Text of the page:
Nate (Jim Caviezel) is an ex-con who served eighteen months in prison for real estate fraud. In an attempt to reconcile with his wife and two sons, he drives them from Texas to Louisiana, where the plan was to have a camping trip in a remote area. The car ride is strained, to say the least. The worst offender is the oldest son, Shane (Sterling Knight), who has headphones permanently lodged in his ears and holds a grudge as only an angry teenager can. Little do any of them know that four robbers ransacked an armoured truck the night before and got away with $4 million in cash; knowing that they would immediately be spotted by a police roadblock, they stashed the money in a sleeping back on top of Nate’s SUV, fully intending to get it back once everyone got through the blockade.
Transit is a straightforward yet engrossing crime thriller, one that speaks the language of suspense so fluently that we willingly overlook some glaringly implausible technicalities. Although it relies a little too much on stylized action violence, especially during the final confrontation in a swamp shack, they are at the very least entertaining to watch. But to be perfectly honest, what I responded to more was the fact that Nate gets exactly what he wants, albeit in a much different way than he had planned. This traumatic experience unites the family in a way that a camping trip just wouldn’t have been able to do. Had the trip not been interrupted, had they made it to their destination and set up camp, the healing process would have been much slower, if not altogether stalled. Essentially, they’re brought back together through their mutual will to survive.
Adding considerable intrigue is that fact that, although we know him to be innocent, Nate’s wife, Robyn (Elisabeth Rohm), initially believes that he was somehow involved in stealing the money, and that he knows the people who are chasing them. When Robyn angrily leaves Nate on the side of the road with the bag full of cash, he tries to gain the upper hand by wading into the swamp and hiding the bag in a hollow tree. He’s soon found by the real criminals, as are Robyn and her children. The game becomes much more dangerous when Nate goes back to retrieve the bag, only to discover that it’s missing. Who could have taken it? Perhaps it was a man riding a motorboat, who casually passed not long after Nate first entered the swamp. But how could this man have seen anything that was happening, given the thick foliage? The film doesn’t’t attempt to answer this question, but I suppose it doesn’t’t really matter.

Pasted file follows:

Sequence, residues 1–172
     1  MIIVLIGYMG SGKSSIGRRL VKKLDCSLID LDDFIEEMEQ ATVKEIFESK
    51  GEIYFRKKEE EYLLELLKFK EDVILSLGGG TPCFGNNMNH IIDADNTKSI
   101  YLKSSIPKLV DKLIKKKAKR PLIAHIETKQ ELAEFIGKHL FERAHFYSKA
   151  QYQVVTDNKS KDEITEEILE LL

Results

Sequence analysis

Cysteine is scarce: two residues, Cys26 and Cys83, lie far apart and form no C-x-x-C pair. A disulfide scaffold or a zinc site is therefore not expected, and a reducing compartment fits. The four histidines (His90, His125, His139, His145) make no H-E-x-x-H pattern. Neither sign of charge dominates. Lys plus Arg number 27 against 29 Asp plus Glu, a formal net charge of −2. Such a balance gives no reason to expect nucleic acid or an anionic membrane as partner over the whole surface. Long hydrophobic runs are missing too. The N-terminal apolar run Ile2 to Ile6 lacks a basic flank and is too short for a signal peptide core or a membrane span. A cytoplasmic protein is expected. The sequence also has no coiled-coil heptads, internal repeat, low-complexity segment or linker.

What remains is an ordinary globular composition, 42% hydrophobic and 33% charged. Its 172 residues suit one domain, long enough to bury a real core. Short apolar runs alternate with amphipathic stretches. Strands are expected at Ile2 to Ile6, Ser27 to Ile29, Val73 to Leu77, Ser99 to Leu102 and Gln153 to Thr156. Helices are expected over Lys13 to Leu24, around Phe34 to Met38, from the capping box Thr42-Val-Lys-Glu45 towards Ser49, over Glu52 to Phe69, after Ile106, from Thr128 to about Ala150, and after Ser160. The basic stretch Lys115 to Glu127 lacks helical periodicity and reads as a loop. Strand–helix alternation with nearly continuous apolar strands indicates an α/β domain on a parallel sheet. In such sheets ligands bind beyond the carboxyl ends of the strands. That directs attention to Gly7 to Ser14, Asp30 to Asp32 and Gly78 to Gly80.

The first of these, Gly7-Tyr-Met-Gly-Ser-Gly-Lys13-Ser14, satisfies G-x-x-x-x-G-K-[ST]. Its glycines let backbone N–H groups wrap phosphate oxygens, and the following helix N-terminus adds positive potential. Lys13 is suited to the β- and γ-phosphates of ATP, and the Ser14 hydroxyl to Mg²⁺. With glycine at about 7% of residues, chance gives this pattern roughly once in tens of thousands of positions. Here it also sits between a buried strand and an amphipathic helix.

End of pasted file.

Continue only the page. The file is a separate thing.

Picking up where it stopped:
As the robbers attempt to extract information from Nate and his family, they engage in their own internal power struggle. One of them, Losada (Harold Perrineau), believes the ring leader, Marek (James Frain), should not be the one in charge. In fact, he believes that Marek’s girlfriend, Arielle (Diora Baird), has done nothing but slow them down. For Marek, this is clearly not about money so much as it is about power; at one point, he tells Arielle that he won’t lose to this man, which is to say that he will not let some random husband and father outsmart him. Even the getaway driver, the exasperated Evers (Ryan Donowho), is clearly afraid of Marek, at one point telling Nate to watch his back. Nate cleverly uses the tension between Losada and Marek to his advantage, although it only works just long enough to let him and his family escape.
There will inevitably be a violent, frenetic final confrontation. I can’t say that I was surprised by anything that happened. After all, that’s sort of how movies like this tend to be structured. Nevertheless, I did appreciate the technical aspects, namely the performances, the editing, the lighting, the choreography, and the tension. I also appreciated the fact that, although this film has its fair share of violence, it never once devolves into a sadistic bloodbath. This is true even when Losada chops off one of Nate’s fingers on the side of the road. I won’t say which finger he lost; I will say that it factors into the final shot of the film, one that seems threatening but is in fact the start – or, rather, the restart – of something good.
This movie is by no means groundbreaking in story or execution. It is, however, a competently made thriller that kept me involved from the first scene to the last. It has good casting, a decent screenplay, and plenty of suspense. It also has what I believe to be a compelling examination of a broken family on the road to healing. Sometimes it takes a lot more than a vacation to close wounds; it takes being thrust into an extraordinary situation and working towards getting out of it. It could even be argued that it’s the best way to determine how deep someone’s love truly runs. One could easily dissect the premise to find all the ways in which it couldn’t’t actually happen, but for goodness sake, that’s what suspension of disbelief is for. If you grant its assumptions, Transit will provide you with solid entertainment.
Written by Chris Pandolfi